Tuhoe has agreed to settle with the Crown on a deal including $170 million worth of compensation, an apology and increasing control of Te Urewera National Park over time.
The compensation announced on Tuesday is in recognition of what has been acknowledged as extremely severe and brutal treatment of the eastern Bay of Plenty iwi at the hands of the Crown during the 1800s.
The Crown will cede ownership of Te Urewera to a separate legal entity to be governed by a board comprised of Crown and Ngai Tuhoe members.
The deal recognises Tuhoe as tangata whenua of Te Urewera National Park and over time the iwi will take over increasing responsibility for its management and control.
Negotiations hit a roadblock in 2010 when Prime Minister John Key refused to support a proposal to cede ownership of the national park.
Tuhoe had wanted outright ownership, but chief negotiator Tamati Kruger said on Tuesday the deal is acceptable. He said in the end, Tuhoe had no one else to negotiate with, and the deal is seen by the iwi as a way to secure its future health and prosperity.
"These settlements don't necessarily represent an answer to things but, rather, a means by which each and every iwi then moves on and creates their own wealth and their own sense of security. But this offer, I think, is considered by Tuhoe to be a great leap forward."
The compensation package of $170 million is equal to that paid out to Ngai Tahu and Tainui in their Treaty settlements and includes Tuhoe's share in the central North Island forestry on-account settlement made in 2008.
Tuhoe is about the sixth largest iwi, but the Government says it is not just about size - it says Tuhoe suffered great wrongs in the past and the amount is in recognition of that.
Treaty of Waitangi Negotiations Minister Chris Finlayson said on Tuesday huge areas of the iwi's land, including Te Urewera, were wrongly confiscated or purchased unjustly and it is a significant agreement.
"That sends the message out there that this Government is determined to achieve just and durable settlements. It never was a deadline of 2014 because, as this three-year negotiation shows, you can't have deadlines. It's the putting right that counts, if I can quote (retailer) Alan Martin."
Chris Finlayson said the new structure will allow the historical, cultural and spiritual connection between Te Urewera and Tuhoe to be fully recognised for the first time, while the biodiversity of the area is protected and enhanced and public access is guaranteed for all New Zealanders.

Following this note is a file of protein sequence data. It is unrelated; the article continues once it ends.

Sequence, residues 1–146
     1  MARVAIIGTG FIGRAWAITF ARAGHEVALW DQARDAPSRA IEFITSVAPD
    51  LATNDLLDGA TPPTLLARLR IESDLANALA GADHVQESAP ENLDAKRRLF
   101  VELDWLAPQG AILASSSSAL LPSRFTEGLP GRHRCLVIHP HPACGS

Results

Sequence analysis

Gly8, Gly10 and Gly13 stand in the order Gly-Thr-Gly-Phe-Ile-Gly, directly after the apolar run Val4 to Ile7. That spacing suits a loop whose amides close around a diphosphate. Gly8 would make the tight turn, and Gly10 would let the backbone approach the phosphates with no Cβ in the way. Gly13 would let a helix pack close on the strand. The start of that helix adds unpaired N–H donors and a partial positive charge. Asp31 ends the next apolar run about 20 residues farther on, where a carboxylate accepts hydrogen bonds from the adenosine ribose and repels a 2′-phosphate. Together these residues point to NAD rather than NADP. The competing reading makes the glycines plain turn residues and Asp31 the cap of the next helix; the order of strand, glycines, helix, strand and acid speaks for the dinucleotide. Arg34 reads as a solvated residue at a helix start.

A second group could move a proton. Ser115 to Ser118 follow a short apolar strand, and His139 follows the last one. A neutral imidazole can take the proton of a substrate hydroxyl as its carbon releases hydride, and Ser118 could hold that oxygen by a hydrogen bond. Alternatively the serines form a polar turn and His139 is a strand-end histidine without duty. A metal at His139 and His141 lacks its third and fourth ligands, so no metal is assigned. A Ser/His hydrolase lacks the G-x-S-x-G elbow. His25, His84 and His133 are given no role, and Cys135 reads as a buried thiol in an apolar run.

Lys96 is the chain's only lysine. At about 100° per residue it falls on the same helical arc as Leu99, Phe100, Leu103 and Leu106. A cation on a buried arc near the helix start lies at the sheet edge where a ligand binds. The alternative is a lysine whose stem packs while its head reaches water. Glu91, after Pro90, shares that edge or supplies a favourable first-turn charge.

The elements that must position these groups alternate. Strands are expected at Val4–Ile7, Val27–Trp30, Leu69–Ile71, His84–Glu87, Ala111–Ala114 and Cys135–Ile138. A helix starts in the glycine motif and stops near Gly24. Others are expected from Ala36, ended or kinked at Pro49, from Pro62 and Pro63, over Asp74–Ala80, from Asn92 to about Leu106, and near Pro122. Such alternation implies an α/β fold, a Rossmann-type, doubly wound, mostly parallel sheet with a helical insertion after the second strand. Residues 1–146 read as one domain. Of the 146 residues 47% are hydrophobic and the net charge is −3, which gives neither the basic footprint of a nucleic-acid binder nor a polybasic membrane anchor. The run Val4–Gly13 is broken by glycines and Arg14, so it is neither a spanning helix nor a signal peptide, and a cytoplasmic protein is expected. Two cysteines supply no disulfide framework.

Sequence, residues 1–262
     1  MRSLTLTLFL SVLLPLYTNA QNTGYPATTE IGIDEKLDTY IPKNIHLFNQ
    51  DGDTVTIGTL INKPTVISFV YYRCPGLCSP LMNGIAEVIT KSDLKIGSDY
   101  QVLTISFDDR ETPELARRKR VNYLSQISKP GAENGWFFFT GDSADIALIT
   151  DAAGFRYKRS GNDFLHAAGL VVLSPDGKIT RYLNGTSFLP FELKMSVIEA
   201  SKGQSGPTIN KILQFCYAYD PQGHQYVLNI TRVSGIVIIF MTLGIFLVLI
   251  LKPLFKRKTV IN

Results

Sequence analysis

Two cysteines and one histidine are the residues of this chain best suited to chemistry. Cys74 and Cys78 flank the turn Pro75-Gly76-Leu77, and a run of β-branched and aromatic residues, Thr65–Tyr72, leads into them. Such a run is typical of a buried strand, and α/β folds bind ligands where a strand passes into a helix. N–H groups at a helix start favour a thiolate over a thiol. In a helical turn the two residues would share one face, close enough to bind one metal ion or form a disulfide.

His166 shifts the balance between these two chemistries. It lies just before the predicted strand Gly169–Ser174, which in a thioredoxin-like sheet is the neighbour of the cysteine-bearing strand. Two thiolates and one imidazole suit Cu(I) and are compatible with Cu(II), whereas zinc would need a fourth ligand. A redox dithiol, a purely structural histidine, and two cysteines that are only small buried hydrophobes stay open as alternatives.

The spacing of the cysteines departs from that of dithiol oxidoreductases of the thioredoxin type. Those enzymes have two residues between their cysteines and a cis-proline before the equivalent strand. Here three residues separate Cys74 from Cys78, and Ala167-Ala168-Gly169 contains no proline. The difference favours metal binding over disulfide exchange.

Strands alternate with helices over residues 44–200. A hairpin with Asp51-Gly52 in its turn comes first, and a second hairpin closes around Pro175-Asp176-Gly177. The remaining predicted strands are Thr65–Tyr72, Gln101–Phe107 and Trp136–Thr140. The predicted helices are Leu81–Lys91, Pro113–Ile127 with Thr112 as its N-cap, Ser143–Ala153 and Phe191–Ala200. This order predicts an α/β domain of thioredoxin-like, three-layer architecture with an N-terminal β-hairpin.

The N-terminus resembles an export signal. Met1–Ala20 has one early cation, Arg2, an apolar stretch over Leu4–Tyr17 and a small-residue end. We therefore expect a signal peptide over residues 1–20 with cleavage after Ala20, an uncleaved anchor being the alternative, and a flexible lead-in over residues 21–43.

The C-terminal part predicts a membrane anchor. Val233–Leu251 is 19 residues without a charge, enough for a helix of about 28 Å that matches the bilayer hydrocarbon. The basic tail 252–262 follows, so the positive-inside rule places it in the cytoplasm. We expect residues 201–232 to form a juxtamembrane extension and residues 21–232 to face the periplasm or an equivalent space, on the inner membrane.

The offer also includes the implementation of a social services management plan announced in August this year, under which government agencies will work with Tuhoe to ensure better delivery of social services such as housing, education and health to its communities.
The Crown and Tuhoe will work together to develop a deed of settlement by the end of this year.
Good solution for all - minister
Minister for Treaty Negotiations Chris Finlayson says he is confident that the new power-sharing arrangement between Tuhoe and the Crown over Te Urewera National Park will succeed.
Mr Finlayson told Radio New Zealand's Checkpoint programme on Tuesday the establishment of a board is a good solution.
He said while Tuhoe would take an increasing role in management over time, that did not mean that the tribe is getting ownership through the back door.
The minister said he is happy to leave the ultimate question of ownership of the park to future generations to decide.
Chief negotiator happy with deal
Tuhoe's chief negotiator Tamati Kruger says he is pleased with the settlement and thinks neither party owning the land outright would work wonderfully.
"The issue of ownership has been an impediment and a tiring one, really. As soon as you go into ownership it's confrontational, rather than collaborative.
"Te Urewera owns itself - it was here first; people came later. It's not something that needs to be owned."
However, Mr Kruger told Checkpoint that Tuhoe is still committed to independence and self-governance.